Edited by raymac46, 04 November 2017 - 12:08 PM.

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#14 OFFLINE   Digerati

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Posted 04 November 2017 - 12:31 PM

Well, to me, as a hardware enthusiasts, it is not entirely about practicality. I want my material things to "look" nice but in reality, aesthetics don't concern me. I am not into fancy lighting, for example - because they do nothing all for performance. I have a more powerful Intel i5 than I "need", but I did not go overboard with an i7 I would never fully utilize. Same with my graphics.

So do I really "need" a SSD? Practically speaking? No. But I have worked hard all my life so I can reward myself and enjoy some of the finer things my hard work has afforded me. As long as I don't waste my money on frivolous things, and I can find some justification beyond just because "I want it", I am okay with splurging every now and then.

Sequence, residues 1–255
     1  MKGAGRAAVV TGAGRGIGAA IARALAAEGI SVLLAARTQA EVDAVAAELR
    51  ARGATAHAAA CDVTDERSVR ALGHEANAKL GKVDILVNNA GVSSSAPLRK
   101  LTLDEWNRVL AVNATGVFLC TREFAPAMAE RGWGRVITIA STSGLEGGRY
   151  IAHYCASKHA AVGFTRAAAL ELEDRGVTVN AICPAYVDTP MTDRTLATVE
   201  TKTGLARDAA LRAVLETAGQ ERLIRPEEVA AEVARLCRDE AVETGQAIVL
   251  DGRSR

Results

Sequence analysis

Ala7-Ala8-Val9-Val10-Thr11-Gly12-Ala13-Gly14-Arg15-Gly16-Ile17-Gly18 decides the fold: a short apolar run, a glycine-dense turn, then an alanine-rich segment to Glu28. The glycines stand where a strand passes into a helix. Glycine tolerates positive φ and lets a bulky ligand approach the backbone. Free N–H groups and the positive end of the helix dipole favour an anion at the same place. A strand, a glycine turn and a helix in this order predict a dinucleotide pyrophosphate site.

And when it comes to things that I can expect to use for many years, I find I can justify spending more up front that much easier.
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#15 OFFLINE   raymac46

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Posted 04 November 2017 - 09:42 PM

I do believe you get what you pay for, and I've always made sure whatever computer I buy or build will meet my requirements and then some. That said I am not an early adopter - largely because I run a lot of Linux machines. These benefit from stepping back a bit from the bleeding edge.
This past year I bought a Thinkpad to run Linux on - it's something I always wanted to do and an off lease T430 did the job at about 20% of the cost of a new machine.
I probably will build a new Ryzen system someday for Linux but I can wait another 18 months or so before diving in.
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#16 OFFLINE   Digerati

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Posted 05 November 2017 - 10:58 AM

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I do believe you get what you pay for
For the most part, I agree. But it is also common to end up paying a little extra for the brand name on the label. If the company stands behind that name with a quality product, good warranty, and excellent after-sell support, I am okay with that.